2019 CFOG Essay Contest News Release

May 15, 2019
Contact: Mary Connolly
CFOG Essay Contest Chair

Greenwich, West Haven, Amity Regional win top prizes;
honorable mentions to Northwestern Regional

Tobin Hirsch, a junior at Greenwich High School, has won the first prize of $1,000 in this year’s Connecticut Foundation for Open Government high school essay contest.

He wrote about a controversy at Baraboo High School in Wisconsin involving students who posed for a photo with their arms raised in an apparent Nazi salute. The photo went viral on social media and was widely criticized, although some students said it was not meant to be a Nazi salute. School administrators did not discipline them, citing First Amendment protections and the difficulty in determining the students’ intentions.

In his essay, he reviewed U.S. Supreme Court cases involving free-speech issues for schools. “In Tinker v. Des Moines, the Supreme Court set ‘the general rule for regulating school speech,’ establishing that speech is protected unless it ‘materially and substantially disrupt(s) the work and discipline of the school.’ … Therefore, the school district made the correct decision in not punishing the students.’ ”

CFOG, a nonprofit educational organization, sponsors the essay contest each year to encourage thought and debate among students on public and freedom of information issues and to increase student knowledge of the value of open government in a democratic society.

A second prize of $500 was won by Niki Patel, a junior at West Haven High School. She also wrote about the Nazi salute controversy and, citing Supreme Court rulings, determined the students should not have been disciplined.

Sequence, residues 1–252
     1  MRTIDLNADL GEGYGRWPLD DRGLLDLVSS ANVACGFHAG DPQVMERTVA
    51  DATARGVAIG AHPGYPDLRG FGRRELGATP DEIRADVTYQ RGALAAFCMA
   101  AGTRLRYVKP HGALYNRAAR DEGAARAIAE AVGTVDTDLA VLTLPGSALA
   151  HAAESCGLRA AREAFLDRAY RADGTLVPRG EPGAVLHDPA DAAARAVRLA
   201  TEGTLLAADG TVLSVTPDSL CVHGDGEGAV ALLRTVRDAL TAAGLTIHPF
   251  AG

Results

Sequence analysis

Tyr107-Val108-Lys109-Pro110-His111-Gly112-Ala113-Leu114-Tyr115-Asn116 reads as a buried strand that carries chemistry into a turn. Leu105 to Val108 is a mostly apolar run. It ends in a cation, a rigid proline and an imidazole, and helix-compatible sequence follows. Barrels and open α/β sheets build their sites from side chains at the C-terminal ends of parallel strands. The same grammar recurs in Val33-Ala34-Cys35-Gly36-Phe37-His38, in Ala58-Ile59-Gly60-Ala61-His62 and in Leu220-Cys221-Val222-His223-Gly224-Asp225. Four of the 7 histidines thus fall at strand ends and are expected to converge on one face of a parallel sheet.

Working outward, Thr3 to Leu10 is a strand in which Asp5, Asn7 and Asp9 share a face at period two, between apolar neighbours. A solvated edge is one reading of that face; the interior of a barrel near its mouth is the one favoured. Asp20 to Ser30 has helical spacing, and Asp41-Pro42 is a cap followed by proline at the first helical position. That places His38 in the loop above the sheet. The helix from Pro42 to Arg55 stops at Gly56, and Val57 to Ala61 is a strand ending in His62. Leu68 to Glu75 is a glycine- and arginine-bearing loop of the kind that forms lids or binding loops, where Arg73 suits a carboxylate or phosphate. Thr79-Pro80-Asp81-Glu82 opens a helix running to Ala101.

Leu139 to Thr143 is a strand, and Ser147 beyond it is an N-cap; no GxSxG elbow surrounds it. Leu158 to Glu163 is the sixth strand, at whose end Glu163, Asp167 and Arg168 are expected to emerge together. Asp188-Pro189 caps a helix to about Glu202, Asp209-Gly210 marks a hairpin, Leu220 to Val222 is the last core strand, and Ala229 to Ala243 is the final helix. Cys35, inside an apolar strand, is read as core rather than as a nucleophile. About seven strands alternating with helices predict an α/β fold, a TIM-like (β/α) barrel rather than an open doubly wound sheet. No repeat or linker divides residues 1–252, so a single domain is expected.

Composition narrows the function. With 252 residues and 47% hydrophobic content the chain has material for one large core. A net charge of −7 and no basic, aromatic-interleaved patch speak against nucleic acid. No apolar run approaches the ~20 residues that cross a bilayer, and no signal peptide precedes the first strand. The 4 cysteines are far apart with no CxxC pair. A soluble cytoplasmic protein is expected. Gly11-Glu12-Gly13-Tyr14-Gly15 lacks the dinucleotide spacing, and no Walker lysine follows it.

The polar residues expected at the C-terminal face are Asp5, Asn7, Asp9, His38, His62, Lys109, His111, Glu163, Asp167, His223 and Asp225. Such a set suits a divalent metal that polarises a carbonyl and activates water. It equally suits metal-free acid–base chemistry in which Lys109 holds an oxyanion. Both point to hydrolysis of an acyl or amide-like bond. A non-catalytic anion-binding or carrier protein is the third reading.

“The Baraboo school district may have reached the proper decision,” she wrote, “but clearly the school must set higher standards by educating students on the brutality and bigotry of the Holocaust.”

A third prize of $300 was won by Ariba Chaudhry of Amity Regional High School in Woodbridge, who also wrote about the incident at Baraboo High School. She won an honorable mention award in the 2018 CFOG essay contest.

“By avoiding any form of disciplining the students and trying to shirk the blame,” she wrote, “the school is contributing to the growing problem of the normalization of extremism, neo-Nazism, and white supremacy. A school is meant to be a place of learning, to educate the leaders of tomorrow, not a breeding ground for hatred.”

Honorable mention awards of $50 went to Justin Bracero and Winnie Jiang of West Haven High School; Caroline Crone and April Ruopp of Northwestern Regional High School in Winchester; and Henry McGannon and Emil Perdue of Greenwich High School.

Students were asked to write essays on one of three topics:

1. Wisconsin high school students posed for a photo with their arms raised in an apparent Nazi salute. School officials did not discipline them, citing the students’ First Amendment protections. Was that the correct decision?

2. The student newspaper at Har-Ber High School in Springdale, AR, was censored by school administrators after an investigative report on the transfer of six football players to a rival school. Administrators later allowed the report to be republished but insist they should have prior approval of all articles. Should student newspapers be subject to prior administrative approval?

3. The University of California, Berkeley, recently settled a lawsuit that claimed discrimination against conservative speakers. Should universities be able to impose fees and security requirements because certain speakers attract crowds and even protests?

Judges for the contest were Janet Manko, Martin Margulies, Tom Crider, Lyn Hottes, Forrest Palmer, Eileen FitzGerald and Mary Connolly.